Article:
In certain embodiments of the present invention, the photoresist layer 38 and the portion of the etch stop layer 34 in the feature 40 that is to removed, may be simultaneously removed by an oxygen based plasma. In these embodiments, the structure in FIG. 7 follows that of FIG. 5, so that the structure in FIG. 6 is not produced during the manufacturing process. These embodiments have the advantage of combining the etch stop removal step and the resist removal step into a single step, thereby simplifying the manufacturing process.
The present invention allows the removal of the low k material in the etch stop layer 34 without damaging copper by using a gas chemistry of N2/H2/CxFyHz.
The etch stop layer 34 that is used to protect the copper in the metal layer 32, or other metal in the metal layer 32, remains in place after the formation of the conductive feature 42, as depicted in FIG. 8. Since the material in the etch stop layer 34 is a low k dielectric material, the overall dielectric value of the film is reduced thereby improving the performance of the chip.
Although the present invention has been described and illustrated in detail, it is to be early understood that the same is by way of illustration and example only and is not to be taken by way of limitation, the spirit and scope of the present invention being limited only by the terms of the appended claims.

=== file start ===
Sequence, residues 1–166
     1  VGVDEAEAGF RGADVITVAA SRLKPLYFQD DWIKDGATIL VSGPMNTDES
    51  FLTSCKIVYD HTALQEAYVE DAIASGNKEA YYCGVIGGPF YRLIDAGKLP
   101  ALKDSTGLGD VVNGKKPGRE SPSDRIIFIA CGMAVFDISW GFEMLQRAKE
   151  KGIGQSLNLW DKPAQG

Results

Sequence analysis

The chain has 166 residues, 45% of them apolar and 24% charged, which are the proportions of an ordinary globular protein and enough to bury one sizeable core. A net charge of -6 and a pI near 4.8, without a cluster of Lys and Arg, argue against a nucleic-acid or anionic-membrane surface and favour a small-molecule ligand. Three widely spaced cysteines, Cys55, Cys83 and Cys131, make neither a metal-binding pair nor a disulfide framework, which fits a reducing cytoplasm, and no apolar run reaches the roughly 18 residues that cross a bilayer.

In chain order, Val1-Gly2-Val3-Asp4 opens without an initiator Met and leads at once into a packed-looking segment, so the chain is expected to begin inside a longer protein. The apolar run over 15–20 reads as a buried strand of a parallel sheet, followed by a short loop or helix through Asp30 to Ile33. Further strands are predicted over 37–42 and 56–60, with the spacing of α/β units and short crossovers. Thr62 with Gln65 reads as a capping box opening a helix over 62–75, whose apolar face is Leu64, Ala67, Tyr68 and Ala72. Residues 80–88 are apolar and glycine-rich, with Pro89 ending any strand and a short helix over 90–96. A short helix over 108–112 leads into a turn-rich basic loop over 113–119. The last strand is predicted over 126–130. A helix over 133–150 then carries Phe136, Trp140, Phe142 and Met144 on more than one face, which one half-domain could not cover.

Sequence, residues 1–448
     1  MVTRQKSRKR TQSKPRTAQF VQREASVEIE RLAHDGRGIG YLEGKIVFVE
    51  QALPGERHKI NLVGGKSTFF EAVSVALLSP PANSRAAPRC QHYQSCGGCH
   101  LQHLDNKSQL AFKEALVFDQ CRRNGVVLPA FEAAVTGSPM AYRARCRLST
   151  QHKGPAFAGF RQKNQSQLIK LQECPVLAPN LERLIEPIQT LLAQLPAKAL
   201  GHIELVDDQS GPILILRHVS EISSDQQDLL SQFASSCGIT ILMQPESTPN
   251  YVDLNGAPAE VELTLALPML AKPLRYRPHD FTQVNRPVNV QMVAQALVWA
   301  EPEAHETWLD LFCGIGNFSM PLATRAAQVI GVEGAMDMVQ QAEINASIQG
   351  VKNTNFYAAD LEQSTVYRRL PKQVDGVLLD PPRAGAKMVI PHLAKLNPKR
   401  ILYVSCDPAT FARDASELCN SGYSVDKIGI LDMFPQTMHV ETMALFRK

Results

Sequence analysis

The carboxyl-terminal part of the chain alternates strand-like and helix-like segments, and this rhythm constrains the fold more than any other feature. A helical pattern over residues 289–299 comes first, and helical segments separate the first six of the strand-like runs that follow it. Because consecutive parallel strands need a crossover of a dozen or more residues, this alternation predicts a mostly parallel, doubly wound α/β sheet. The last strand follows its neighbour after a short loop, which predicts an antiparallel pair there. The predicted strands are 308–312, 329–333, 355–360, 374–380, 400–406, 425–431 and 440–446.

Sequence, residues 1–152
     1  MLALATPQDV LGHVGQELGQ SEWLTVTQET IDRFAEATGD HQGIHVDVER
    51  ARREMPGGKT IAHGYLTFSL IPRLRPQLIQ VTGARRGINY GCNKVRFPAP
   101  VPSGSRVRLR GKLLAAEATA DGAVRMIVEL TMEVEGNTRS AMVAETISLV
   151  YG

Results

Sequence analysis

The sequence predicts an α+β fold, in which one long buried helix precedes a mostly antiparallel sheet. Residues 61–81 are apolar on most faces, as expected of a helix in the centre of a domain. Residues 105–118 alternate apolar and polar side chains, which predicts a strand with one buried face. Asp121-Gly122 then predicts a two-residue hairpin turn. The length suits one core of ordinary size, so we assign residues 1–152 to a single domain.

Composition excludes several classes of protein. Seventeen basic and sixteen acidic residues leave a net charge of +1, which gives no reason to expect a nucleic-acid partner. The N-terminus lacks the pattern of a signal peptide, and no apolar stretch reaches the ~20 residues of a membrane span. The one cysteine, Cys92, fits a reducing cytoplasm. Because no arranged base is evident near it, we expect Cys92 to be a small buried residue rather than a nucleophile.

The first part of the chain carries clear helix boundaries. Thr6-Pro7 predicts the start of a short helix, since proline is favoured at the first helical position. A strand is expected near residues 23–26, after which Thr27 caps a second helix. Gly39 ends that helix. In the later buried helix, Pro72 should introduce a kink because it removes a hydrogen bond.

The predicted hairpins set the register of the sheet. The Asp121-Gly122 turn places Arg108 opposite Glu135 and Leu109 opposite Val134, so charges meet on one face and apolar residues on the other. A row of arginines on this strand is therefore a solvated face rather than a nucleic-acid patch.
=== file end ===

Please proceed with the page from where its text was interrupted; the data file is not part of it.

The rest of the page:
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|U.S. Classification||438/622, 257/E21.576, 438/672, 257/E21.577, 438/710, 257/E21.256, 257/E21.252|
|International Classification||H01L21/311, H01L21/768, H01L21/4763|
|Cooperative Classification||H01L21/31138, H01L21/76802, H01L21/31116, H01L21/76829|
|European Classification||H01L21/768B10, H01L21/311B2B, H01L21/311C2B, H01L21/768B2|
|4 Jan 1999||AS||Assignment|
Owner name: ADVANCED MICRO DEVICES, INC., CALIFORNIA
Free format text: ASSIGNMENT OF ASSIGNORS INTEREST;ASSIGNORS:WANG, FEI;YOU, LU;REEL/FRAME:009687/0698;SIGNING DATES FROM 19981208 TO 19981210
|11 May 1999||AS||Assignment|
Owner name: WEBER-STEPHEN PRODUCTS CO., ILLINOIS
Free format text: ASSIGNMENT OF ASSIGNORS INTEREST;ASSIGNORS:SCHLOSSER, ERICH J.;STEPHEN, JAMES C.;ALDEN, J. MICHAEL;REEL/FRAME:009936/0124
Effective date: 19990316